In this example, we can see that Google can find plenty of links to Dr. Donion in its standard index results, but it isn’t able to”know” the data about those sources well enough to present an aggregated result. In this case, the Knowledge Graph understands Dr. Donion is a Kaiser Permanente physician, but it pulls at the wrong location and the incorrect physician’s name in its endeavor to construct a Knowledge Graph screen.
    While I inquire Google Assistant what time Dr. Donion’s office closes, the result is not only less useful but actually points me in the wrong direction. Instead of a targeted selection of focused activities to follow up on my query, I’m presented .

    Software agent search and semantic HTML

    Design practices which build bridges between user requirements and technology requirements to meet business goals are critical to making this vision a reality. Content strategists, information architects, developers, and experience designers all have a role to play in delivering and designing content solutions that are effective structured.

    A combined HTML code editor and preview window showing markup and results for heading, ordered list, and list item HTML tags.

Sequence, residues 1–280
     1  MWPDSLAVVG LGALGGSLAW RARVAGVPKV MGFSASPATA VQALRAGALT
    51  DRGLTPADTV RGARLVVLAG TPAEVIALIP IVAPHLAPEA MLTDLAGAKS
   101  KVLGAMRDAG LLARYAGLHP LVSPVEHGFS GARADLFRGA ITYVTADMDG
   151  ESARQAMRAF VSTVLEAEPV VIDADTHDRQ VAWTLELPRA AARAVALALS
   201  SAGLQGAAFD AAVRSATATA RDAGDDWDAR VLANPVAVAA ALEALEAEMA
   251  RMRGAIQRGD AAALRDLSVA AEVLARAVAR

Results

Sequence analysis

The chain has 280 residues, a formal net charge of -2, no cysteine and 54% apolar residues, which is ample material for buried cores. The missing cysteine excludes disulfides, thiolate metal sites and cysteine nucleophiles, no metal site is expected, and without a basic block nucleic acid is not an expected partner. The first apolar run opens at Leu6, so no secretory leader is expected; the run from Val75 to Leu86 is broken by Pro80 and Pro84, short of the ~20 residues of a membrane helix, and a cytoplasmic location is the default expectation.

The pane on the right indicates the values that are machine-readable.

    Along with finding and excerpting info, for example recipe measures or parking ticket payment options, search and applications agent algorithms also now aggregate content from multiple sources by using linked data.
    As it’s composed of structured content that is marked up 36,, despite the simplicity of the Town of Seattle parking ticket page, it effectively ensures the integrity of its content across contexts. “Pay My Ticket” is a level-one going (

    ), and every one of the options below it’s level-two key words (

    ), which signify that they are subordinate to the level-one component.
    Such interactions that are fast, however, are just one small piece of a bigger issue: connected data is increasingly key to maintaining the integrity of articles online. The organizations I’ve used as examples, such as the hospitals, government agencies, and schools I’ve consulted with for decades, do not measure the success of their communications efforts in page views or ad clicks. Success for these means linking constituents, patients, and community members with services and information regarding the business. This definition of achievement easily applies to any sort of company working to further its business goals on the web.

  • Designing Connected Content, Carrie Hane and Mike Atherton
  • In this example, Dr. Ruhlman’s profile is marked up with microdata depending on the language. This base that is structured content provides the foundation on. The Knowledge Graph info box, for instance, comprises Google reviews, which are not part of Dr. Ruhlman’s profile, but which have been aggregated into this review.

    The City of Seattle website‘s “Pay My Ticket” page, showing four methods to pay a parking ticket in a simple, all-text layout.